Relax at Jardin du Luxembourg – If you’re looking for a place to relax while in Paris, look no further than Jardin du Luxembourg. From its pristine gardens and fountains to its picturesque statues and monuments, the Luxembourg Gardens provide a tranquil oasis away from the hustle and bustle of city life.
Whether you want to take a stroll around the grounds, have a picnic with friends, or just sit and enjoy the beauty of nature, Jardin du Luxembourg has something for everyone. Plus, it’s an ideal spot to people-watch as Parisians from all walks of life stroll through its paths. So grab a baguette and bottle of wine, and make your way to this tranquil paradise. You won’t be disappointed!
Admire the Bridges – Paris is a city of bridges. As you stroll around the City of Lights, don’t forget to take a moment to admire all the magnificent bridges in Paris! From Pont Neuf, built in 1607, which stands at the western end of the Île de la Cité and links it to the Right Bank —it was the first bridge to be built across the Seine—to Pont Alexandre III, which is one of the most beautiful and opulent bridges in Paris, connecting the Champs-Élysées to Invalides and Le Grand Palais.
But it’s not only the old, grand bridges that are worth admiring. Paris also has some modern bridges, like the Pont Charles-de-Gaulle and the Pont Marie, both of which were built in the early 2000s.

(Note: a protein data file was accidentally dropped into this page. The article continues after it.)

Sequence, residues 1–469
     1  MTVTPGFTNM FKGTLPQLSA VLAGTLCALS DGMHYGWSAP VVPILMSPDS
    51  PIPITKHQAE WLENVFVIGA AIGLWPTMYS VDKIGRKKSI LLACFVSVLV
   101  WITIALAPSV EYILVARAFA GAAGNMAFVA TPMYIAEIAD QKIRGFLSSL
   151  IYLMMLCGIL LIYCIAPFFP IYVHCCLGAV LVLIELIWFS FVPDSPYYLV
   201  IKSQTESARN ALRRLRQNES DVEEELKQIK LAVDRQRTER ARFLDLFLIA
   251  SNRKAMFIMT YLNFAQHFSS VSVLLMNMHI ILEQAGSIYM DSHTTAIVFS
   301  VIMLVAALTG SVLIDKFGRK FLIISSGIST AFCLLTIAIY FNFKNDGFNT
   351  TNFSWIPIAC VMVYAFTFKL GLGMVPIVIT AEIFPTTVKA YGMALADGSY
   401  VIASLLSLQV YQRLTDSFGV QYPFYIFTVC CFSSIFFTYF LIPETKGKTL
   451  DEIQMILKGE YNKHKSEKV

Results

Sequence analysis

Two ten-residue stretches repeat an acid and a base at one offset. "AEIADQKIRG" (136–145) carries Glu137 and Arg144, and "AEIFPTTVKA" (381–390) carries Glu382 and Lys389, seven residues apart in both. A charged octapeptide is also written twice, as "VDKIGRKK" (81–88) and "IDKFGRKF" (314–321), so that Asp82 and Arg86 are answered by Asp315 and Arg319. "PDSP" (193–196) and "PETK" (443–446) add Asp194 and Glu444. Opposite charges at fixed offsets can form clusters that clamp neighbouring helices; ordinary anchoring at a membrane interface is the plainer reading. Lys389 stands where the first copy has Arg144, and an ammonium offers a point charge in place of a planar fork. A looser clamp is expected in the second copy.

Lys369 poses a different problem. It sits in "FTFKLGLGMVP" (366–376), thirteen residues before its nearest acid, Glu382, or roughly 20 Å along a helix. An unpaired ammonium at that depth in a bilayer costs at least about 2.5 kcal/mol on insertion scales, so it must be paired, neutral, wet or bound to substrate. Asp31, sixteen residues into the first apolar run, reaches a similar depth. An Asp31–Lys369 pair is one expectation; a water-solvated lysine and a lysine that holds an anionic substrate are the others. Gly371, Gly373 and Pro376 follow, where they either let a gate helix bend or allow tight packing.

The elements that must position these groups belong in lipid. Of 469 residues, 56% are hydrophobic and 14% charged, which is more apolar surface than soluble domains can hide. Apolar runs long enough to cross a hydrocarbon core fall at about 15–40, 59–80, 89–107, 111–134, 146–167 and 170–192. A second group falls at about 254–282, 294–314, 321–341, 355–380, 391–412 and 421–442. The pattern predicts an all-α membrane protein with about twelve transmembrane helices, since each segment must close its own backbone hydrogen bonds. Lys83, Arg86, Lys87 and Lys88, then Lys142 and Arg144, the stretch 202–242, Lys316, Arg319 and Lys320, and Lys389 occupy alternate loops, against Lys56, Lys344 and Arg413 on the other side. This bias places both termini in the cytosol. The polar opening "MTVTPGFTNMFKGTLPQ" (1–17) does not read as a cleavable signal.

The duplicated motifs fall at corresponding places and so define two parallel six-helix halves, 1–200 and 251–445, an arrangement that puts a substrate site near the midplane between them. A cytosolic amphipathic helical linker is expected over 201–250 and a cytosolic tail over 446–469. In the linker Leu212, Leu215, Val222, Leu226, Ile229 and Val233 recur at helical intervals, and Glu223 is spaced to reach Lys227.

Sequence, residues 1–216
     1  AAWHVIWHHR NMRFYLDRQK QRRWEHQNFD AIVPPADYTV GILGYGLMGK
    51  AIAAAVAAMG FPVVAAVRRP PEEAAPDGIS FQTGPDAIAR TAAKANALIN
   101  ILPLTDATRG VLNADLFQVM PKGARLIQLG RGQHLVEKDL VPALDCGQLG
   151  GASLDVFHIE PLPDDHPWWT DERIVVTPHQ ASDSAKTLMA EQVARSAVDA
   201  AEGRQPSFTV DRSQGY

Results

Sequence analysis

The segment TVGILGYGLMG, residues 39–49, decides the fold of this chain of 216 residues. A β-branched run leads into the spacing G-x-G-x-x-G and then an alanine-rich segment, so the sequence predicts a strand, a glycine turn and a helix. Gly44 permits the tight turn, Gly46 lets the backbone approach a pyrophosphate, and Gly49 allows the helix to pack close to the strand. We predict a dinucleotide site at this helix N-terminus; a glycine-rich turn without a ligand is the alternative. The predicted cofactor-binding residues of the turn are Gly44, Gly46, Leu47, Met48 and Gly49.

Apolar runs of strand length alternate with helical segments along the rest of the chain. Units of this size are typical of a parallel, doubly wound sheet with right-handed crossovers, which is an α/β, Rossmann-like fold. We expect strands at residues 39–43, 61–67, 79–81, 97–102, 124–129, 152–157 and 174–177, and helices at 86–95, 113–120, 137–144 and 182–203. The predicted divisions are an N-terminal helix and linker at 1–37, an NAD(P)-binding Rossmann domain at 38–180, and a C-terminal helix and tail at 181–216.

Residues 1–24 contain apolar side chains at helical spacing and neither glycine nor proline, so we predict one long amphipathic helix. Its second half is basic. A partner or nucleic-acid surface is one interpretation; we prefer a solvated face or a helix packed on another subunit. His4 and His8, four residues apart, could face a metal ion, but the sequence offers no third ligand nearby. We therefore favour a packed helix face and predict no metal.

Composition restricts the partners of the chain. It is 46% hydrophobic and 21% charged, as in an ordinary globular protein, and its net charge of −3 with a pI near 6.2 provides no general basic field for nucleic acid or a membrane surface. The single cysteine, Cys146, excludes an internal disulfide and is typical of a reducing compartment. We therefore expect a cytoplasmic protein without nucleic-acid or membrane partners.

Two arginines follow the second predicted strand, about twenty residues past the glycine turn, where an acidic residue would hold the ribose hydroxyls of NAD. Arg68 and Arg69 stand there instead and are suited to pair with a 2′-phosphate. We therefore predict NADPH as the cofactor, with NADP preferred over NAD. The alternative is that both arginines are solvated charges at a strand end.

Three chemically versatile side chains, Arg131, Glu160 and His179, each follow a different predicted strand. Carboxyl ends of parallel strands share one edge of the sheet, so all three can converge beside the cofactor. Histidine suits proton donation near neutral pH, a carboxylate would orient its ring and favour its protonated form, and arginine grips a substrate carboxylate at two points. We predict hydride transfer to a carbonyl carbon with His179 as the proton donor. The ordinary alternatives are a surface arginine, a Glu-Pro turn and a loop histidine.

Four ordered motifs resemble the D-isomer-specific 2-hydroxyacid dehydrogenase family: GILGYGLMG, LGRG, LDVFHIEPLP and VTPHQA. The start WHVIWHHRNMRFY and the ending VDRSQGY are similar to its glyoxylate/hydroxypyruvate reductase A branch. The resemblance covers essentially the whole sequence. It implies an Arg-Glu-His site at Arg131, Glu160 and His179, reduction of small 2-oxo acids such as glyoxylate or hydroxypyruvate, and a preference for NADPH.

And don’t forget to take a look at one of the most recognizable bridges in Paris: The Pont des Arts or “Lovers’ Bridge”. This bridge is so popular that it is covered in “love locks” from couples who come to this romantic spot to proclaim their love.
The bridges of Paris are worth more than just a passing glance, as they are a reminder of the beauty and history of this magnificent city! So take your time, admire the bridges, and feel the romance of Paris!
Picnic by the Seine – The Seine does not only make a perfect spot for strolls. Picnicking by the Seine is one of the best ways to spend a leisurely afternoon in Paris. Pack your basket with all kinds of delicious treats, from Brie and baguettes to French wine.
Don’t forget a blanket for lounging on the banks of this iconic river – it’s the perfect spot for a romantic afternoon or a casual gathering with friends. And be sure to take time to appreciate the beauty of the old bridges, and boats that pass by – there’s something truly special about picnicking alongside some of the city’s most iconic sights! Just remember to save room for dessert – no French picnic is complete without some macarons or chocolates. Bon appétit!
See Notre Dame – Not to be confused with the famous novel of the same name, Notre Dame de Paris is an architectural beauty like no other. Sitting proudly on Île de la Cité in the 4th arrondissement of Paris, it’s a magnificent example of French Gothic architecture that pays tribute to its namesake – The Virgin Mary!